A wise man once said "Haters want to hate. Lovers want to love. I don't want...none of the above, I want to—"...well, in boxing the haters and the lovers can be seen in their full partisan glory all over the wonderful world wide web.
No dispute in the sport has inspired more vitriol, in terms of sheer numbers, than the beef between the factions of Floyd Mayweather Jr. and Manny Pacquiao. This is the kind of topic that makes open comment boards seem like a bad idea.
On any number of venues, from YouTube videos to boxing columns, the conversation in the comments section typically denigrates into bitter, personalized animosity, with racial expletives and hollow threats of violence in abundance.
Maybe it's just that boxing fans are inherently sociopaths.
Relax...just kidding...kind of.
Perhaps it's the violent nature of the sport that lends itself to these impassioned defenses of our beloved pugilists—"You said what about my guy?! Well, triple F you, you blank, blank, blank, blank, blank!!!"
And from the friendly confines of a desktop, that's a much safer proposition.
Certainly, there is a great of deal of enlightened, very civil discourse on the sweet science taking place all over the world, even on-line no doubt at this very moment. But I want to focus on these epic comment section showdowns, where macho posturing, racial taunts, and vicious threats are a daily occurrence.
Dudes....relaaaaaax. It's not worth getting so fired up about. I've seen these things go from "Floyd Mayweather rules" to "F*** you, you dumb N-word" in nanoseconds.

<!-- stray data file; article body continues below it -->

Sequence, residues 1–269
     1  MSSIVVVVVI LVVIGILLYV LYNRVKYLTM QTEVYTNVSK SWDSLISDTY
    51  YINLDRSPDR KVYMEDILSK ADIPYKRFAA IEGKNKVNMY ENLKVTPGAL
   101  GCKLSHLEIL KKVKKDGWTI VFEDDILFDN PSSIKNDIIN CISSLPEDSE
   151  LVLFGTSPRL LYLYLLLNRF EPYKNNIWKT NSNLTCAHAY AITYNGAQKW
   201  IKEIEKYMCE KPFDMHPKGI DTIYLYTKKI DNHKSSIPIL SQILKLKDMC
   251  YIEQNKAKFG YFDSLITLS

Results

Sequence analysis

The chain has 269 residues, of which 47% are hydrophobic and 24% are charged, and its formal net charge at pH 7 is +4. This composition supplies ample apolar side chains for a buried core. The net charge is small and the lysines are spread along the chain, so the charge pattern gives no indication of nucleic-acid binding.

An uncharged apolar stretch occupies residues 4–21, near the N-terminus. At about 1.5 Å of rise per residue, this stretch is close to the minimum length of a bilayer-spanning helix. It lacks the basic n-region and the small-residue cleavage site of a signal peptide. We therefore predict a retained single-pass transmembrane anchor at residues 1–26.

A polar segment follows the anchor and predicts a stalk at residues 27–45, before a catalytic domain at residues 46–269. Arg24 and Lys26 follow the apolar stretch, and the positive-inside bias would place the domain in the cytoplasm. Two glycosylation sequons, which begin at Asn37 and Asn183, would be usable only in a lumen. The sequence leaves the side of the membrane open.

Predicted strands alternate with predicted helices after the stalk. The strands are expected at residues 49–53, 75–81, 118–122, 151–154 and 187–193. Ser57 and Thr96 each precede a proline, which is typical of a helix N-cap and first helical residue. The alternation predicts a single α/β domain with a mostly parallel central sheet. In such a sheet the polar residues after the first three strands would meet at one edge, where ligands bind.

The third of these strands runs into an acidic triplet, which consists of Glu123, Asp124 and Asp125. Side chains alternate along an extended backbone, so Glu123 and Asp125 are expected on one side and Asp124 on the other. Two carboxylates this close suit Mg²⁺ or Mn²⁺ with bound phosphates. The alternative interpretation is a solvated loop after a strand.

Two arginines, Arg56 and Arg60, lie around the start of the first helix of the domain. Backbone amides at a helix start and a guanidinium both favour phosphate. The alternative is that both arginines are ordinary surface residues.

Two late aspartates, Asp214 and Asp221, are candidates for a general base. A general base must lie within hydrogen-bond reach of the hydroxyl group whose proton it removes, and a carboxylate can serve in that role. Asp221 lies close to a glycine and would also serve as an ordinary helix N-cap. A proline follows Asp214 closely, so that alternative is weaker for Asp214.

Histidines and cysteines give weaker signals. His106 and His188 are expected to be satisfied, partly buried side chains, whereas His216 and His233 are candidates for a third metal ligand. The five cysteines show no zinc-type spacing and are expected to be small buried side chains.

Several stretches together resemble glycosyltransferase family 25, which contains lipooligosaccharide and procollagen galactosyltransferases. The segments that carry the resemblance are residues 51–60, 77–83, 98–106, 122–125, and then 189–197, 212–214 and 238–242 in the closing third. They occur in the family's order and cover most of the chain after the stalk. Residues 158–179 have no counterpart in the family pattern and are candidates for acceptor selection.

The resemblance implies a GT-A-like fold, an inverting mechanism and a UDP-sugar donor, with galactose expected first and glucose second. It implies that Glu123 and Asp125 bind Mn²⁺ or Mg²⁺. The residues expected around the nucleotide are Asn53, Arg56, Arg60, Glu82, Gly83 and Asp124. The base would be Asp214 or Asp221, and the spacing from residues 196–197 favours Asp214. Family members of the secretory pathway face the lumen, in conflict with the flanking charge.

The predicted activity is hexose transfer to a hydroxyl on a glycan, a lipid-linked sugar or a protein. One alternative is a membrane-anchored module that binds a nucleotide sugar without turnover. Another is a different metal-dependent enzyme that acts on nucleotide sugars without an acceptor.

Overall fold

Who are these guys, waiting to pounce at the mere mention of a name with a retort so dastardly it would make David Duke toast Saddam Hussein in hell? David Duke's still alive? Oh well, F-him too.
And this type of thing extends way beyond the realm of any one topic...basically anything with enough readers is gonna bring out the wackos. Mayweather-Pacquiao just takes it to the extreme.
Videos, articles, and anything remotely related to the topic brings out legions of fanatics from both sides, willing to debase and ridicule their on-line foes using whatever abusive language is needed.
I've always said, if you're bothered by the comments, don't read them. Others disagree, and find posted comments that go into that kind of dark, irrationally hateful territory very offensive and off-putting—even arguing that a website has a responsibility not to display comments in the vein.
In the end, it's just stupid children acting like stupid children. If you don't want to watch, don't watch. There's plenty of other things to do with your time.
Occasionally I'll stumble across something and get a chuckle.
I caught one on-line feud where, in the midst of back and forth racial and personal insults, one commenter sent the other a video of Pacquiao to enforce his point—but it was in the wrong media format, so they began arguing about that, unleashing streams of F-Bombs in between phrases like "zip file" and "Adobe reader."
If only the two sides of the fight that never happens were as passionate and angry about making the fight as the Internet creeps engaging in daily bloodbaths on behalf of their heroes.
And better yet, if only we could put the on-line jousters into an actual ring to air out their grievances. I have a feeling the tone would be a wee bit more conciliatory. Might actually have an interesting debate.